• Be low-stress. Some practitioners flood a new client with papers to fill out. When a new client has to fill out a 20 page intake form, a detailed medical history and all sort of other information, it creates a huge psychological barrier between you and them. When you call a friend on the phone for some advice, do you ask them to read over and fill out a dozen-page questionnaire? Of course not, you just get right to it. Obviously you can’t omit an informed consent form, but do you really need to ask them about their family tree six generations back? I understand that the more information you have that it makes your diagnostics easier, but why not defer some of that past the first session or possibly gather some of that information during the course of conversation during the first session? Don’t make your intake process intimidating or too “clinical.” During a first session it typically isn’t relevant that the client has a medication allergy or had a recent surgery. Ask those questions once they become required. Consider yourself on a need to know basis. Certainly you want to be comprehensive, but do it in a way that doesn’t feel like applying for a mortgage. Be creative and ask yourself what information is actually and unequivocally needed for a first session.

The Initial Contact is your chance to make a great first impression. It’s where you show that you care, that you’re easy to work with and that you can be trusted. It’s the place to demonstrate competence, confidence and personality. The smallest details here make the biggest impression.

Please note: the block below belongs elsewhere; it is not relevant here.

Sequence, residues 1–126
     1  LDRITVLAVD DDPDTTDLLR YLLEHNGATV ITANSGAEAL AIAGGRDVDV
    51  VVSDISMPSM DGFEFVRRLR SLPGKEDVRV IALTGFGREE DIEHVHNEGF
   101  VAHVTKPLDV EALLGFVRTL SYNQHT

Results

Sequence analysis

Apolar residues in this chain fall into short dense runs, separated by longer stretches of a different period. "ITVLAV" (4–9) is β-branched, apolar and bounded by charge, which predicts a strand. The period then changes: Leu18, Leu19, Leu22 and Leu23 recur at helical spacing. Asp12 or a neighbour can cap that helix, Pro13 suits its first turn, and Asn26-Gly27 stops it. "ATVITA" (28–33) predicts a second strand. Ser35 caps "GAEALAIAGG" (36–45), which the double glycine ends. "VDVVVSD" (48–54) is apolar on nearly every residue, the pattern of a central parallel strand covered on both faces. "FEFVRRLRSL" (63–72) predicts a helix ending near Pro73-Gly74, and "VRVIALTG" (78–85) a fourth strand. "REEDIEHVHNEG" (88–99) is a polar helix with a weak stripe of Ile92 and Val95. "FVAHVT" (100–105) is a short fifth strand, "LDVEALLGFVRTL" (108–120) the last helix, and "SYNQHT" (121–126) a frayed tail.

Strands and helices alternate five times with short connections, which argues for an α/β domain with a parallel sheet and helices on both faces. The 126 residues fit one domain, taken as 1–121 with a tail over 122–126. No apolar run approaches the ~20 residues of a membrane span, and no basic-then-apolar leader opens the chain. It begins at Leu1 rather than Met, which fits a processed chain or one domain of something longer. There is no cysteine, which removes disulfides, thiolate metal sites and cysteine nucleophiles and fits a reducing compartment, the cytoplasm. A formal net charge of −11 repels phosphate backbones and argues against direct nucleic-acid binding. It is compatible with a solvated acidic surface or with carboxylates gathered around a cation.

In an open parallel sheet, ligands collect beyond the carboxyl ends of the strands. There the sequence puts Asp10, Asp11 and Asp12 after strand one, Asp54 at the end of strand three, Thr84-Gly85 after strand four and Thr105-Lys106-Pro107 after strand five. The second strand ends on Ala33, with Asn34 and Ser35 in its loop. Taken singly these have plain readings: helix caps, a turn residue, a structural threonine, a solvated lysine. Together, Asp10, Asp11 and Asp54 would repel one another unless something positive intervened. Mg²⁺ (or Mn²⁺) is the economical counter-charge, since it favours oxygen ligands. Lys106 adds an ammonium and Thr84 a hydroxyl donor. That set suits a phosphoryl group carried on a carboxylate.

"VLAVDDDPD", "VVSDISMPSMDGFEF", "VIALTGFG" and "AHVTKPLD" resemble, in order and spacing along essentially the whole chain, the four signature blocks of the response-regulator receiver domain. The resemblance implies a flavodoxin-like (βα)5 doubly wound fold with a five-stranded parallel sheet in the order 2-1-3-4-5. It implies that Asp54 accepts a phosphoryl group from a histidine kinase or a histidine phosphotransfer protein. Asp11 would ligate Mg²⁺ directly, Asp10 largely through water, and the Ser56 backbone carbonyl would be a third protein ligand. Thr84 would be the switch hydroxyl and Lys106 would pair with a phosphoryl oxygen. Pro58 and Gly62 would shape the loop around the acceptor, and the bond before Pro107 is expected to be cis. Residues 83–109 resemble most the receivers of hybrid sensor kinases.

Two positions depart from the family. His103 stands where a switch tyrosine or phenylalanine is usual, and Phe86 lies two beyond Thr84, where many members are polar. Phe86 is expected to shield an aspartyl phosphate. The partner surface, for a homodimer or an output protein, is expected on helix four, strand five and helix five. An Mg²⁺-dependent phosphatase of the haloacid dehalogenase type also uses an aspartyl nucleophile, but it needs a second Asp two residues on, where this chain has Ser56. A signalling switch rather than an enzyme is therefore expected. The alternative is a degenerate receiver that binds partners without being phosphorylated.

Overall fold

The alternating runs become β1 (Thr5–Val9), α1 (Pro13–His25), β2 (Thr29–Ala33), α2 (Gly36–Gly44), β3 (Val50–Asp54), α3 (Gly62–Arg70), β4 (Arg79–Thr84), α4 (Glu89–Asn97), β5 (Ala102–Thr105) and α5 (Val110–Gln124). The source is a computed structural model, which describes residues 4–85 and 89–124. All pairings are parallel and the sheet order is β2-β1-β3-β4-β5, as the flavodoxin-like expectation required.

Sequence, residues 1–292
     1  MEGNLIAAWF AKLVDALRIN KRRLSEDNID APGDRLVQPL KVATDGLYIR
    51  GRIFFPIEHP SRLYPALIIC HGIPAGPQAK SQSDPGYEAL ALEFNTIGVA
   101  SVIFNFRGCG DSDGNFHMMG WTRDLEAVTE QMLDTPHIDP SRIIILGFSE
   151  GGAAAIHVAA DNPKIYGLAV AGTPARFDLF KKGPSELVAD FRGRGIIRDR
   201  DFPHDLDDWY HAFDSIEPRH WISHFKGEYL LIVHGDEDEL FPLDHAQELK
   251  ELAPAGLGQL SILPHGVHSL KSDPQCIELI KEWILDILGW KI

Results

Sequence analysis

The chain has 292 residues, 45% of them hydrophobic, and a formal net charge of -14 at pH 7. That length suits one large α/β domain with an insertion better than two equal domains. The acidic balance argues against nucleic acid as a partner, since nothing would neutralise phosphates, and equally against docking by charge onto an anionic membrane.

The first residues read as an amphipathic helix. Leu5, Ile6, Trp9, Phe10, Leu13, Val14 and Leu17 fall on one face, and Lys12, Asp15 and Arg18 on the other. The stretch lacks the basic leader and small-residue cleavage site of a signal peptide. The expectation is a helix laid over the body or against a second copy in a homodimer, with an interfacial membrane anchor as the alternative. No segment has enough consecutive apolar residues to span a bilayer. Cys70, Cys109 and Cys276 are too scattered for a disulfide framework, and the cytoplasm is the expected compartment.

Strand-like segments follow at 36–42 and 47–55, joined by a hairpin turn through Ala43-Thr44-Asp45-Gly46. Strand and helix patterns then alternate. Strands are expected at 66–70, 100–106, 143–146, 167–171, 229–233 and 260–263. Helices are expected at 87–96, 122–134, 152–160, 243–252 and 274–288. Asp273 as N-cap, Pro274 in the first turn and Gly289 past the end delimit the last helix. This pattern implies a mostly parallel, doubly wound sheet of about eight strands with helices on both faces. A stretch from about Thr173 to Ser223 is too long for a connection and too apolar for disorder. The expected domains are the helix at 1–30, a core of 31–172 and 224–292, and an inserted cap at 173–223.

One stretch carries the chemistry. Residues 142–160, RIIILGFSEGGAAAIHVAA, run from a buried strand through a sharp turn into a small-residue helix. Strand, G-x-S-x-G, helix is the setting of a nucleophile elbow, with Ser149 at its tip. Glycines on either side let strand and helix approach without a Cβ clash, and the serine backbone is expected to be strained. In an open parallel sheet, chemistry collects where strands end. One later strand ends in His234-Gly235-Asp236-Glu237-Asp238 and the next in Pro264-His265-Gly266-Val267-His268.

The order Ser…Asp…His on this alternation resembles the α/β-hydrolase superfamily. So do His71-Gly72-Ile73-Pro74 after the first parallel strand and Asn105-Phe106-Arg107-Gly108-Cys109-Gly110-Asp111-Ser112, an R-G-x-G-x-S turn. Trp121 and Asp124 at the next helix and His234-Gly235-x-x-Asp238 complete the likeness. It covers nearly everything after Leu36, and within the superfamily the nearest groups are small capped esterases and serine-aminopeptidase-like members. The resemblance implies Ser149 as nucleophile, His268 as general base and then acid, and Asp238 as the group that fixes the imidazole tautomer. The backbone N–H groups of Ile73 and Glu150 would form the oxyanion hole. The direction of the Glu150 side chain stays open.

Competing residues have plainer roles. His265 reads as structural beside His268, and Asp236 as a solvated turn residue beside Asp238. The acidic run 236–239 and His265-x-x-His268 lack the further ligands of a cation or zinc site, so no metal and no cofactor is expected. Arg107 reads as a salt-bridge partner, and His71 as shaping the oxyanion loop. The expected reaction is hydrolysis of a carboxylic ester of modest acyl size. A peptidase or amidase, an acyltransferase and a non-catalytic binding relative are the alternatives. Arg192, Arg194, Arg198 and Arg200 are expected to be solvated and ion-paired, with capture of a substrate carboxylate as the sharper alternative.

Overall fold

The First Therapy Session

Once you actually get to meet your patient for the first time, either through HIPAA compliant video conferencing or over the phone, you have hopefully created a positive experience thus far. Much like a hotel lobby sets up the expectations for a guest, how you handle your initial contact ought to have set the stage for a great therapist-client relationship. During the first session, you’ll want to ensure you do the following:

  • Don’t be judgmental. This should go without saying however it’s very common that a therapist thinks they’re being “good” when in fact they are putting off an air of judgment or condemnation. A true professional knows the importance of being impartial, but we’re all human! Perhaps ask some of your existing clients with whom you have a good rapport to see what they think about your “bedside manner.” You might also consider having a fake session sometime with a friend and record a video of the session so you can examine your micro expressions and demeanor, especially when your friend tells you something shocking. Attempt to role play if you think your in-session manner could use some work. If you are finding that you aren’t having good luck with repeat bookings, then this is an area you might investigate. Practice does make perfect. Despite your advanced education and superior intellect, you aren’t perfect. One of the big reasons clients don’t return for follow up sessions is that they felt like they didn’t connect with their therapist. This is something you can improve! Just be honest with yourself and set your ego aside.